Officers criticised for interviews on prostitute killing

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POLICE officers were not 'searching for the truth' when they interviewed three men over the murder of a Cardiff prostitute, the Court of Appeal was told yesterday.

Michael Mansfield QC, for Stephen Miller, told the court the police had bullied Miller until he confessed to the murder. 'The officers built up a pattern of questioning in order to mentally strip down this appellant and put in place the scenarios they had in mind themselves,' he said.

'It was not a search for the truth, or even to get an explanation. It went well beyond that. Their single objective was to ensure, as far as they could, and by any means they could, short of physical violence, a concurrence between Miller's account and the one they were relying on.'

Miller, 26, Yusuf Abdullahi, 30, and Tony Paris, 35, were convicted of the murder of Lynette White in November 1990. Two other defendants, John Actie and his cousin Ronnie, were acquitted.

Ms White was murdered in her 'punters' room' at Butetown, Cardiff on 14 February 1988. She had been stabbed more than 50 times, her left breast had been almost severed and her throat was cut through to the spine. She had put up a struggle: fingerprints, clothing fibres, blood from a rare group and a man's handprint in blood were found. None of this pointed to the convicted men.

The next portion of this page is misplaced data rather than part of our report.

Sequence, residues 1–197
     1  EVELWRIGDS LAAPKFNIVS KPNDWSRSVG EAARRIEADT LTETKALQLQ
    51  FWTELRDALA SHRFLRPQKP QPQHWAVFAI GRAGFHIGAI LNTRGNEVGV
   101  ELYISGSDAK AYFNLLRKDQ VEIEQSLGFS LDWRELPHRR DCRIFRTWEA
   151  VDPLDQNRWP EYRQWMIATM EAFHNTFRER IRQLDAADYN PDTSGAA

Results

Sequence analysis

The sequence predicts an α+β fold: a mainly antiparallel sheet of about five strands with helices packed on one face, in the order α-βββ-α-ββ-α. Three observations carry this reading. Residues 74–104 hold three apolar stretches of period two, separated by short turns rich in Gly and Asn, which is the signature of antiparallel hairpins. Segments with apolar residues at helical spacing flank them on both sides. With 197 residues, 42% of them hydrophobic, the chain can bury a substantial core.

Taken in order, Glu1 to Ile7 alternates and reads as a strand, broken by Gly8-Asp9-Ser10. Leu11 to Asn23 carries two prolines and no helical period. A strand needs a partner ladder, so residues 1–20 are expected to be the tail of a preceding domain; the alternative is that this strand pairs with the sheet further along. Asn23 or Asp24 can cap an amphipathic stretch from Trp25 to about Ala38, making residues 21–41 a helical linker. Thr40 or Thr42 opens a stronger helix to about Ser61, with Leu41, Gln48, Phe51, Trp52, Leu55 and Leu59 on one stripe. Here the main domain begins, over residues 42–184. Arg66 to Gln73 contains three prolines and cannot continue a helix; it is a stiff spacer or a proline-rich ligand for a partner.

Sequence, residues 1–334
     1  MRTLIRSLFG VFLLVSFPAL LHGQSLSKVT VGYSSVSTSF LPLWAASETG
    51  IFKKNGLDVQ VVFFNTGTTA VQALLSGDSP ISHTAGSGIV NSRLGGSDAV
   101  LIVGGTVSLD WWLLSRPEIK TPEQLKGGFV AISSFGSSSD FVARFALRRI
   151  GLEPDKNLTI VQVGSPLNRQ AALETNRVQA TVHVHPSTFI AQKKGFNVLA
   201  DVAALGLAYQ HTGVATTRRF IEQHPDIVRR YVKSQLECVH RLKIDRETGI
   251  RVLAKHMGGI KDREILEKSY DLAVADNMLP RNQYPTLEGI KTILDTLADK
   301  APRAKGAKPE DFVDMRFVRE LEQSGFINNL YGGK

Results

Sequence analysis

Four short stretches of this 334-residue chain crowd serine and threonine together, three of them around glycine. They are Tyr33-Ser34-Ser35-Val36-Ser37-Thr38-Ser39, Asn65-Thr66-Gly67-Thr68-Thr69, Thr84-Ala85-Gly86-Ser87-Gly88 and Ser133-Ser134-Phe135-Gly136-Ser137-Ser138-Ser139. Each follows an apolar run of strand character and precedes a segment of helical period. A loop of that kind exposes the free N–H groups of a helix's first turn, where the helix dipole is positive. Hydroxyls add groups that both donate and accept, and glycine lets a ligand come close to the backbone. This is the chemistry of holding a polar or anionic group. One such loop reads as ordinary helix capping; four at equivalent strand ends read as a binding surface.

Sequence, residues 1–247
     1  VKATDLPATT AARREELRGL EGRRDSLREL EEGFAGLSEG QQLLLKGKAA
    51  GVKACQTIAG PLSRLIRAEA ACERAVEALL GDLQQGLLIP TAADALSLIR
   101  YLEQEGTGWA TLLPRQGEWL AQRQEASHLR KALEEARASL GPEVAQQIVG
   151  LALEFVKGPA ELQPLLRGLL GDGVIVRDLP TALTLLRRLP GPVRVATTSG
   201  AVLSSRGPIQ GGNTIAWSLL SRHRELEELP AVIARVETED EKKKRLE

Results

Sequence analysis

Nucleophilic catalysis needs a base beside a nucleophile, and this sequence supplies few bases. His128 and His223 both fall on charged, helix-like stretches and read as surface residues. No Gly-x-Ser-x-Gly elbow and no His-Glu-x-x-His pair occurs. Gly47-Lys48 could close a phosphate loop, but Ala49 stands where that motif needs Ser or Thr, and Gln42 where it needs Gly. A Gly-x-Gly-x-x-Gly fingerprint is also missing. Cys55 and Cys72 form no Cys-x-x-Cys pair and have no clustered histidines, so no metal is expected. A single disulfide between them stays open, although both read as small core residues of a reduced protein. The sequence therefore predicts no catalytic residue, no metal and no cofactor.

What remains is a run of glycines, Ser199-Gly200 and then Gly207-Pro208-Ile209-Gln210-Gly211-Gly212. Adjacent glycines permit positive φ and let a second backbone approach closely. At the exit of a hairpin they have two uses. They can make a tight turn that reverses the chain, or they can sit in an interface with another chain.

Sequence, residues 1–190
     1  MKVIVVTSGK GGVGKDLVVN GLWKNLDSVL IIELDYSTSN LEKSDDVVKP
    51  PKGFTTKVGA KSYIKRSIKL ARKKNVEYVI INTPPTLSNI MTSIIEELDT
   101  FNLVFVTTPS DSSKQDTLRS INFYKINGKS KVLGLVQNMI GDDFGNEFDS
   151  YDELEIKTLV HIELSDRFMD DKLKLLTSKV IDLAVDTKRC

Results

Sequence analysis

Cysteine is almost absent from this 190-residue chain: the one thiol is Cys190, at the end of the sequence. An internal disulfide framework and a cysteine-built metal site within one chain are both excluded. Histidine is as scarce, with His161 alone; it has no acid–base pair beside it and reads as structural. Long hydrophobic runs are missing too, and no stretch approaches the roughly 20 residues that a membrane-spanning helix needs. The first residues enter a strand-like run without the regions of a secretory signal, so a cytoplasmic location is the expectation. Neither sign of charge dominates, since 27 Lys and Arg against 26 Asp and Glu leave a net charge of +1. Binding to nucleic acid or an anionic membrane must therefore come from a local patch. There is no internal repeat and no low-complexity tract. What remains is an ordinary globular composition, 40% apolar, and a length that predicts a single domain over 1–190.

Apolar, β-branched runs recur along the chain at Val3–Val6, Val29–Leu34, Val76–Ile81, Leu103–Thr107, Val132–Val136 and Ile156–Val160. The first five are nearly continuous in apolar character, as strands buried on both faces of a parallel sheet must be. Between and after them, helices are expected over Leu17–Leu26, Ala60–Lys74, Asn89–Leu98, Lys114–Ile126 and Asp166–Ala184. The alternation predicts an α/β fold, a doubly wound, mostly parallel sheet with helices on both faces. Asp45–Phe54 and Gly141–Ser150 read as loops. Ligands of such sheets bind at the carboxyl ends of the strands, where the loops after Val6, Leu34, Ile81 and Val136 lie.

Mr Mansfield said the trial judge was wrong to admit the evidence of Miller's police interviews, contained in 19 tape recordings, because it was tainted by officers' 'oppressive' conduct. 'The nature and manner of the interviews were nothing short of bullying and aggression.'

He said Miller's questioning began on 7 December 1988 and continued for many hours over four days. Several officers 'misrepresented and misled' Miller about the evidence they had, in relation to his alibi and to statements by Angela Psalia and Leanne Vilday, two prostitute friends of Ms White.

Mr Mansfield described the evidence of the two prostitutes as so 'shot through' with inconsistencies and lies that it was almost no evidence at all. 'Their evidence was full of lies at all stages - to the police, at the committal hearing and at the trial.'

Although several witnesses supported Miller's alibi, officers told him his alibi had been destroyed. None of his witnesses gave evidence at the trial and three new witnesses were only disclosed to the defence several months ago.

Two months after the murder, police had built up a picture of a sexually-motivated attack, with the main suspect being a white man, who had been seen with an injured hand and wearing blood- stained clothes near Ms White's flat. The police immediately issued photofits.

Mr Mansfield said the police asked witness 'X', a white man, to provide a blood sample. Although it matched bloodstains on Ms White's jeans, this was never disclosed to the defence.

Although more than 100 fingerprints were found, none belonged to the convicted men. Ms Vilday had said she had seen Ms White trying to escape by climbing out of the window, but there were no fingerprints near there.

The hearing continues today.